Interaction at the target site: Finally, all herbicides must interfere with some critical process in the plant. In most cases this involves binding to a protein (usually a functional enzyme, or a transport or structural protein) so that it cannot carry out its normal function. Over time, through the combined effect of this direct action and other indirect actions, the plant dies.

Herbicide Selectivity

Most herbicides are selective, that is, they kill some plant species but not others. A few herbicides, on the other hand, are nonselective, and kill essentially all species. Selectivity is normally based on one of the following:[ 1 ]

  • Failure to absorb the herbicide, due to either selective placement (e.g., directed spray on weeds growing between the crop rows) or failure of the herbicide to reach the roots of deep rooted crops, while killing shallow rooted weeds.
  • Enhanced rate of metabolic degradation of the herbicide in the crop. This is the most common basis of selectivity of agricultural herbicides. After entry into the plants, the crop metabolizes the herbicide to inactive compounds, whereas degradation does not occur or is slower in the susceptible weeds.
  • Differential sensitivity of the target site. This is particularly common in the case of herbicide resistant weeds (see later).

Herbicide Mode of Action

Herbicides kill plants by interfering with an essential process in the plant. The major modes of action of herbicides, the biochemical target sites, and some examples of chemical groups that interfere with those targets, are shown in Table 1.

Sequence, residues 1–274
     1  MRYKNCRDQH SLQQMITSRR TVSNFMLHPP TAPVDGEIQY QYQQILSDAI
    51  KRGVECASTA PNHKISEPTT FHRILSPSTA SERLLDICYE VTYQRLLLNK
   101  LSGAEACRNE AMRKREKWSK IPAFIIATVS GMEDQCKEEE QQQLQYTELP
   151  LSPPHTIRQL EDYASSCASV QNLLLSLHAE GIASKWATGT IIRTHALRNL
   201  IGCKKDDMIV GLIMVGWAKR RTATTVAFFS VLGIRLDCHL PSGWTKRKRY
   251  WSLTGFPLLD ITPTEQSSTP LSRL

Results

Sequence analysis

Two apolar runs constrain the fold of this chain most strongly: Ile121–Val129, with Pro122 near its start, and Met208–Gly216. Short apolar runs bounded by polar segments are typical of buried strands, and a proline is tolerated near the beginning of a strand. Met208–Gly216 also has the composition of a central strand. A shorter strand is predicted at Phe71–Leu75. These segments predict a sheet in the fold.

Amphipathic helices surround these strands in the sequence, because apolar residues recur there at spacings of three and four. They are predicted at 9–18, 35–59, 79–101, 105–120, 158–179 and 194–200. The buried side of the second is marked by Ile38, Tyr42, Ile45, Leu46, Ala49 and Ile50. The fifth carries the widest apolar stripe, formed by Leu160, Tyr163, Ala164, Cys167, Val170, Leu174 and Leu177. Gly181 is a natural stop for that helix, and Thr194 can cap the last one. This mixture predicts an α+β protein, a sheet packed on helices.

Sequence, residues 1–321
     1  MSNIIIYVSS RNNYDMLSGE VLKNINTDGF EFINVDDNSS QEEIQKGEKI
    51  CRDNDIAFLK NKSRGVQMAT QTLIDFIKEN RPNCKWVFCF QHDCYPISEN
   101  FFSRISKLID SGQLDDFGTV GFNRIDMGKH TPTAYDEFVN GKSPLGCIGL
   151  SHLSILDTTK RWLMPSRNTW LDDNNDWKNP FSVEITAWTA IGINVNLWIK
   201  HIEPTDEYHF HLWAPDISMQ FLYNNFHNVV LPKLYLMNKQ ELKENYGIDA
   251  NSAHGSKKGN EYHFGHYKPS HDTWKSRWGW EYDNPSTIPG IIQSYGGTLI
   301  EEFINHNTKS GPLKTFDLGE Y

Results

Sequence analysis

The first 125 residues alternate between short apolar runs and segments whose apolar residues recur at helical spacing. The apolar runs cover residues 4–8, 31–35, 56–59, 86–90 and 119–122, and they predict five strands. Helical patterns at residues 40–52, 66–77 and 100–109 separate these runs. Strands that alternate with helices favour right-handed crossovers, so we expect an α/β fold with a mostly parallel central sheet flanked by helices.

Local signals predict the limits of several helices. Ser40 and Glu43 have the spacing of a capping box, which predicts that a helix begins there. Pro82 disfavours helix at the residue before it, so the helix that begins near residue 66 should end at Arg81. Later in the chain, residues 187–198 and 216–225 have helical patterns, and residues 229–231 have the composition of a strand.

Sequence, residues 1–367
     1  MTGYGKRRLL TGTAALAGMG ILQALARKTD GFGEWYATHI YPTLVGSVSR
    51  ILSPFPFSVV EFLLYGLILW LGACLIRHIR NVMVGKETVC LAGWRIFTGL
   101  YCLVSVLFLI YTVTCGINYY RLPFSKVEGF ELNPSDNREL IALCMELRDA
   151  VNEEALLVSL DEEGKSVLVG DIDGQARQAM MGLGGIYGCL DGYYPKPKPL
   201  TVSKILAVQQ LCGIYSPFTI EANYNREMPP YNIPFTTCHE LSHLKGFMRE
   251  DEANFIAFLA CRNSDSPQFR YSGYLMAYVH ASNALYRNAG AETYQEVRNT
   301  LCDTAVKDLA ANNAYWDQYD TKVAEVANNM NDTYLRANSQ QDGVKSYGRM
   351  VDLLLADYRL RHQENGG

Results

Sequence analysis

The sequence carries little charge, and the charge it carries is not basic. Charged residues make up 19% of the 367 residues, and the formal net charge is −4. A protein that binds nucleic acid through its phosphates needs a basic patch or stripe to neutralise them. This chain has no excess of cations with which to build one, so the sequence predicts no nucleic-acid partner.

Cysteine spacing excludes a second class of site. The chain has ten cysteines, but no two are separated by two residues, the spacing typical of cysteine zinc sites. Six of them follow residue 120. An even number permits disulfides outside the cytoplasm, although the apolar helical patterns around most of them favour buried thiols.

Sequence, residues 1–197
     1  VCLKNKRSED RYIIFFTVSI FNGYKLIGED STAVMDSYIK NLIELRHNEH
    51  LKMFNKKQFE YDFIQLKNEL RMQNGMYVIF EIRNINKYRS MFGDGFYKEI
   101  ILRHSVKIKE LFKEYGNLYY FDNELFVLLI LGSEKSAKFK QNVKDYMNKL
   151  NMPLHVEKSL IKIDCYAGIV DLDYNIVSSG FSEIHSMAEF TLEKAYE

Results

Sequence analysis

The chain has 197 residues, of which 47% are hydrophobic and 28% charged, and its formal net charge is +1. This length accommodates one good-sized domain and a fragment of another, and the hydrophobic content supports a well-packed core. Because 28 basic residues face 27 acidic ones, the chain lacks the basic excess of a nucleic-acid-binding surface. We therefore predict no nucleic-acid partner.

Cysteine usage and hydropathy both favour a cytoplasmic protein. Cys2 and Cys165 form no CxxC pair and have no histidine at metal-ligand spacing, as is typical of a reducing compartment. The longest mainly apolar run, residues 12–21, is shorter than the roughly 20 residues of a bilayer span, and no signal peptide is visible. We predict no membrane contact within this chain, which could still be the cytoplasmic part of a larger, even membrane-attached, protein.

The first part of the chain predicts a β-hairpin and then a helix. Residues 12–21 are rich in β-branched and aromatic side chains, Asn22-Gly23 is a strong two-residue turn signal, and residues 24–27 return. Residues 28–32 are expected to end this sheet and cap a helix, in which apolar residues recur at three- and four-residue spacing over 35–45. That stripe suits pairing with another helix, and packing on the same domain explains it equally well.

Table 1   Modes of Action of Major Herbicide Groups a

Mode of Action

Target Site

Representative Chemical Groups

Inhibition of amino acid biosynthesis

Branched chain amino acids

Acetolactate synthase

Sulfonylureas, imidazolinones, triazolopyrimidines

Glutamine synthesis

Glutamine synthetase


Aromatic amino acid biosynthesis

Enolpyruvylshikimate phosphate synthase



Photosynthetic electron transport (PS II)

Qb or D1 protein

S-Triazines, phenylureas, benzonitriles

Photosynthetic electron transport (PS I)

PS I electron acceptor


Pigment biosynthesis

Chlorophyll synthesis

Protoporphyrinogen oxidase

(Nitro) diphenylethers

Carotenoid synthesis

Phytoene desaturase and others

Aminotriazole, clomazone

Lipid biosynthesis

Fatty acid synthesis

Acetyl-coA carboxylase

Aryloxyphenoxypropionates, cyclohexanediones

Fatty acid elongation

“Elongase” complex


Cell division

Spindle formation


Dinitroanilines, carbamates